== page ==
I sure would like to know what exactly he did with the pole. I'm starting to think he might've just thrown it at the guy.
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  7. #27
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    Re: June trial date set for Vikings' McKinnie in Miami brawl

    "nikoli" wrote:
    It's my understanding that the felony charge will almost positively be dropped to a misdemeanor charge based on the fact that the guy who got hit didn't even have to go to the hospital. Seriously, if a guy like Mount actually hits you over the head with a metal pole... you're about as good as dead, or a vegetable at best. So the whole felony battery doesn't really even apply.

    I sure would like to know what exactly he did with the pole. I'm starting to think he might've just thrown it at the guy.
    Does it matter how hard he hit him with the pole before it's considered a felony? The fact that he used a pole with intent to inflict bodily harm is what makes it a felony, isn't it?

    "If at first you don't succeed, parachuting is not for you"

  8. #28
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    Re: June trial date set for Vikings' McKinnie in Miami brawl

    What a pussy. Guys 6'8" 350lbs and he needs a deadly weapon? Not only does it make it a felony but it also makes him the biggest pussy ever.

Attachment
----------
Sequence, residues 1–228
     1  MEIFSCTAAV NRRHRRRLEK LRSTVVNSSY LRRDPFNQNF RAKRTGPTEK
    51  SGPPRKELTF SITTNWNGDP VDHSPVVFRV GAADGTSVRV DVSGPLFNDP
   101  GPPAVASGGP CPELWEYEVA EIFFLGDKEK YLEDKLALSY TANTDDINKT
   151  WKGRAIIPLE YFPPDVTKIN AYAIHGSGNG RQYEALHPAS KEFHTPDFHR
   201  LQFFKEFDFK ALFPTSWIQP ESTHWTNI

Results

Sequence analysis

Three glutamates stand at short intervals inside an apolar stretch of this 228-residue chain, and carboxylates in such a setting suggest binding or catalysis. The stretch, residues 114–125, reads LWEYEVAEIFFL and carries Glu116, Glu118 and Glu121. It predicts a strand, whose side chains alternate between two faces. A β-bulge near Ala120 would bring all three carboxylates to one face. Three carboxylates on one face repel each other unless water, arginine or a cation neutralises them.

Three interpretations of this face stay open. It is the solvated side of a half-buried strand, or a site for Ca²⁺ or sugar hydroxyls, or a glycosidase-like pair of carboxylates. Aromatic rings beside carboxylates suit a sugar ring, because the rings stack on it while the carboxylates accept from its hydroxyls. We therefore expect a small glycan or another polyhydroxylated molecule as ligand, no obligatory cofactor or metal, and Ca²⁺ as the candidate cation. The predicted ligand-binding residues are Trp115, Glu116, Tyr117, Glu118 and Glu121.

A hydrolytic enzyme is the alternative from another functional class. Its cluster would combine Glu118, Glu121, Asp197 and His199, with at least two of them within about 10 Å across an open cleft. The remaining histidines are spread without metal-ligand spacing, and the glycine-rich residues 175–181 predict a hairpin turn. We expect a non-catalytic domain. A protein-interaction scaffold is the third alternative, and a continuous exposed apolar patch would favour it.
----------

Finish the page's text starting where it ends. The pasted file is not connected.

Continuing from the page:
9. #29
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    Re: June trial date set for Vikings' McKinnie in Miami brawl

    My guess is he will plea guilty to a misdemeanor and not serve any time but may get some sort of probation or conditions attached to it. Then the league will sit him for a few games and let him think about it. The FO will unload him as soon as they can line up a replacement.

  10. #30
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    Re: June trial date set for Vikings' McKinnie in Miami brawl

    "jmcdon00" wrote:
    What a pussy. Guys 6'8" 350lbs and he needs a deadly weapon? Not only does it make it a felony but it also makes him the biggest pussy ever.
    I don't know exactly how tall or big the bouncer was, but rest assured, most bouncers aren't your Pee Wee Herman or Mr. Bean types.

    I'm guessing he was still quite the match for McKinnie.

    "If at first you don't succeed, parachuting is not for you"